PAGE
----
2. You understand and agree that Intellectual Property Watch is not responsible for any content posted by you or third parties. You further understand that IP Watch does not monitor the content posted. Nevertheless, IP Watch may monitor the any user-generated content as it chooses and reserves the right to remove, edit or otherwise alter content that it deems inappropriate for any reason whatever without consent nor notice. We further reserve the right, in our sole discretion, to remove a user's privilege to post content on our site. IP Watch is not in any manner endorsing the content of the discussion forums and cannot and will not vouch for its reliability or otherwise accept liability for it.

    3. By submitting any contribution to IP Watch, you warrant that your contribution is your own original work and that you have the right to make it available to IP Watch for all purposes and you agree to indemnify IP Watch, its directors, employees and agents against all damages, legal fees and others expenses that may be incurred by IP Watch as a result of your breach of warranty or of these terms.

    4. You further agree not to publish any personal information about yourself or anyone else (for example telephone number or home address). If you add a comment to a blog, be aware that your email address will be apparent.

    5. IP Watch will not be liable for any loss including but not limited to the following (whether such losses are foreseen, known or otherwise): loss of data, loss of revenue or anticipated profit, loss of business, loss of opportunity, loss of goodwill or injury to reputation, losses suffered by third parties, any indirect, consequential or exemplary damages.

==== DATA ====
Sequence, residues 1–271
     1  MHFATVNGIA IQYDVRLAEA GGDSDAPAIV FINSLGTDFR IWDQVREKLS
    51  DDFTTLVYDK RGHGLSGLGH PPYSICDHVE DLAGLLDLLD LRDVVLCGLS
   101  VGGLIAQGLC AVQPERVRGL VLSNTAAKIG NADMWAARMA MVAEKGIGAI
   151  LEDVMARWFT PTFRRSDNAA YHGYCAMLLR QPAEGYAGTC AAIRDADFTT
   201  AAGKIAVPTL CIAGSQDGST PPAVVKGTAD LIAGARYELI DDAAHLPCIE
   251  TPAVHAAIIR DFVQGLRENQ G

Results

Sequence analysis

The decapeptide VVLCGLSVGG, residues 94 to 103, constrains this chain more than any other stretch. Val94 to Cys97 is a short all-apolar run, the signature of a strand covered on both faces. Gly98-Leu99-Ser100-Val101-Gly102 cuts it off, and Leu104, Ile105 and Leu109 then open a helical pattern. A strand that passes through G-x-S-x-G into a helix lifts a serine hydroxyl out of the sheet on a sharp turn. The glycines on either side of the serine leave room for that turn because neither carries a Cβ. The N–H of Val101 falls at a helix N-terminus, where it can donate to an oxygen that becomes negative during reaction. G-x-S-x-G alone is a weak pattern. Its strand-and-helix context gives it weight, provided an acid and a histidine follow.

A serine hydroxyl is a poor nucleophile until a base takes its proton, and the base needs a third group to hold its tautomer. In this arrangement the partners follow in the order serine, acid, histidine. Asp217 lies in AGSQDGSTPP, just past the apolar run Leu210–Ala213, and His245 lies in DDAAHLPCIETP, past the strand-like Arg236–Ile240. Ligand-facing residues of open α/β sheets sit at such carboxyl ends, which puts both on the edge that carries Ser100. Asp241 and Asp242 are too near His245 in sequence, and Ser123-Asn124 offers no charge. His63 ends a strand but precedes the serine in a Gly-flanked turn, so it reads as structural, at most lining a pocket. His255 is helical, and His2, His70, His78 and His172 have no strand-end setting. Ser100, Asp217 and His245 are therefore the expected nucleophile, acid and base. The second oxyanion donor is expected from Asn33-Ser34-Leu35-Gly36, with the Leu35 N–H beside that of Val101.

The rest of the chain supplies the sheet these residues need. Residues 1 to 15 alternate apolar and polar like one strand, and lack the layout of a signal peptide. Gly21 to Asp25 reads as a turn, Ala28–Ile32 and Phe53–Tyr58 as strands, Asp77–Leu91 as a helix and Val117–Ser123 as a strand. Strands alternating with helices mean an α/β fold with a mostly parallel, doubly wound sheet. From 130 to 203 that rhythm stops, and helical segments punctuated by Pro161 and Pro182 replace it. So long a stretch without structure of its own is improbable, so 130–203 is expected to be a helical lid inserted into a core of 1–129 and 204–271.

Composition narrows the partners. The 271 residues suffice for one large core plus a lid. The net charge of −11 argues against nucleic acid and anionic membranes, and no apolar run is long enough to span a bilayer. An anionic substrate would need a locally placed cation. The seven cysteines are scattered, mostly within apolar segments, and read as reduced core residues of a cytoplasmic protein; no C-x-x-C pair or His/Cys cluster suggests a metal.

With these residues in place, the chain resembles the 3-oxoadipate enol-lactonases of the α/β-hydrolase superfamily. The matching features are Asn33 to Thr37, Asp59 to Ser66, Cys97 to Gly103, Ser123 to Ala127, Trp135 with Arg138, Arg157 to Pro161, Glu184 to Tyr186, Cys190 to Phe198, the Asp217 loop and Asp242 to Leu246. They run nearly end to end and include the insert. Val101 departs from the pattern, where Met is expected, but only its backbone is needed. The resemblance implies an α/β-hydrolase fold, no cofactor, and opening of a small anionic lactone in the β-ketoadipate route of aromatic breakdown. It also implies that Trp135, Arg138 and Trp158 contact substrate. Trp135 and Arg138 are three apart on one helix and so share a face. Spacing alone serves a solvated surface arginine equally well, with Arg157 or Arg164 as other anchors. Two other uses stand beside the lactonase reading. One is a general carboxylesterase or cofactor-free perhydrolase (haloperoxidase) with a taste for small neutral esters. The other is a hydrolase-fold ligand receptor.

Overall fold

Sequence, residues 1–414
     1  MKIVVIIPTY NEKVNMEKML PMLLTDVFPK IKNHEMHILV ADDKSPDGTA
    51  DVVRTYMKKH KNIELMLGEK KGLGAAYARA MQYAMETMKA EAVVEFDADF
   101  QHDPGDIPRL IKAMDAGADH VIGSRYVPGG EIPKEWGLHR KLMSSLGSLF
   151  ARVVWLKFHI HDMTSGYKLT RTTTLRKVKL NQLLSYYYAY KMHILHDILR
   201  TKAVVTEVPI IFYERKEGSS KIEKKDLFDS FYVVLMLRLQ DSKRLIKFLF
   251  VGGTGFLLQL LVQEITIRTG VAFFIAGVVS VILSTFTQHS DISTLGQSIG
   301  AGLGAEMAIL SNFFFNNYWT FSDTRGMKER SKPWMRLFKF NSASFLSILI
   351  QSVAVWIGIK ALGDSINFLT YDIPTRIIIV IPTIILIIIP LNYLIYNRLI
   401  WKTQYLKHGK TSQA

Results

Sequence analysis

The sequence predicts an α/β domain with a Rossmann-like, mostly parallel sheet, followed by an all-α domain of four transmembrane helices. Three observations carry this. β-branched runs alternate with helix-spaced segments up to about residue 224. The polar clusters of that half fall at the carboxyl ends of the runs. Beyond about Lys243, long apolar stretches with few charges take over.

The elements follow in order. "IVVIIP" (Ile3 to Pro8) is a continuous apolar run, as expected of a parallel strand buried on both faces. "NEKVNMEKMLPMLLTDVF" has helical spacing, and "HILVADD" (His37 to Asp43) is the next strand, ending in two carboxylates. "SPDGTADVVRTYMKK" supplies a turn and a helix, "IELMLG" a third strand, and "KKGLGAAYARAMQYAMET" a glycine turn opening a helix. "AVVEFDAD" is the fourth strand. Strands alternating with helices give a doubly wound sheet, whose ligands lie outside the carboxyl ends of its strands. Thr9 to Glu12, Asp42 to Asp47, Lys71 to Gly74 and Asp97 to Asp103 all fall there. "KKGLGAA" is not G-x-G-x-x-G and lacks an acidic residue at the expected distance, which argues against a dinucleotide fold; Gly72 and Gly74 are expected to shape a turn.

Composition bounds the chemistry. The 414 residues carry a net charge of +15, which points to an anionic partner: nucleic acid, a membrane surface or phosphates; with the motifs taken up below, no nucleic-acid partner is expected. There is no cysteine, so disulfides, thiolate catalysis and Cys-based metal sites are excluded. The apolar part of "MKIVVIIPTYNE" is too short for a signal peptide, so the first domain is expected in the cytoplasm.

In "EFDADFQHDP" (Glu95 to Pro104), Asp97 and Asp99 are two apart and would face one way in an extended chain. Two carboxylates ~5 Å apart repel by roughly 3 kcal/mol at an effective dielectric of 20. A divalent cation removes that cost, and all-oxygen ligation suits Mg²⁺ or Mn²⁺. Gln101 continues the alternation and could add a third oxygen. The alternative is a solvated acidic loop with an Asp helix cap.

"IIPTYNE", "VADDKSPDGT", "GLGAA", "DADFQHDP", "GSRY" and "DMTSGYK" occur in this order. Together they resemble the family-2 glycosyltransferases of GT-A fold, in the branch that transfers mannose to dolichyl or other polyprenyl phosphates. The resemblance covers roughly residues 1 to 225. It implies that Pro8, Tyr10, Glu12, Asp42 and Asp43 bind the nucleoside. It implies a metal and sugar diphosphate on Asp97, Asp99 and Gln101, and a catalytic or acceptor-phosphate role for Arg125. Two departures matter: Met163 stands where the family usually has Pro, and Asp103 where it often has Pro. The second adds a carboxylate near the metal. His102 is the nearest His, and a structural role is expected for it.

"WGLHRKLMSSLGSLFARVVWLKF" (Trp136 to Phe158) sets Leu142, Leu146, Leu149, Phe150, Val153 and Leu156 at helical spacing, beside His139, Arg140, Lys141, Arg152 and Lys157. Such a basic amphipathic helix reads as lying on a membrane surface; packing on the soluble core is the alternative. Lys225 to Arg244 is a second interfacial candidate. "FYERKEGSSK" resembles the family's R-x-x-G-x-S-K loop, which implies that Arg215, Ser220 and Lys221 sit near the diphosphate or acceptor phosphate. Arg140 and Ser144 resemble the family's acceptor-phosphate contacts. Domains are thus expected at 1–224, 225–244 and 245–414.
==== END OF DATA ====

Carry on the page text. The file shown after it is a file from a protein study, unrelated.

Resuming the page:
6. You understand and agree that the discussion forums are to be used only for non-commercial purposes. You may not solicit funds, promote commercial entities or otherwise engage in commercial activity in our discussion forums.

    7. You acknowledge and agree that you use and/or rely on any information obtained through the discussion forums at your own risk.

    8. For any content that you post, you hereby grant to IP Watch the royalty-free, irrevocable, perpetual, exclusive and fully sub-licensable license to use, reproduce, modify, adapt, publish, translate, create derivative works from, distribute, perform and display such content in whole or in part, world-wide and to incorporate it in other works, in any form, media or technology now known or later developed.

    9. These terms and your posts and contributions shall be governed and interpreted in accordance with the laws of Switzerland (without giving effect to conflict of laws principles thereof) and any dispute exclusively settled by the Courts of the Canton of Geneva.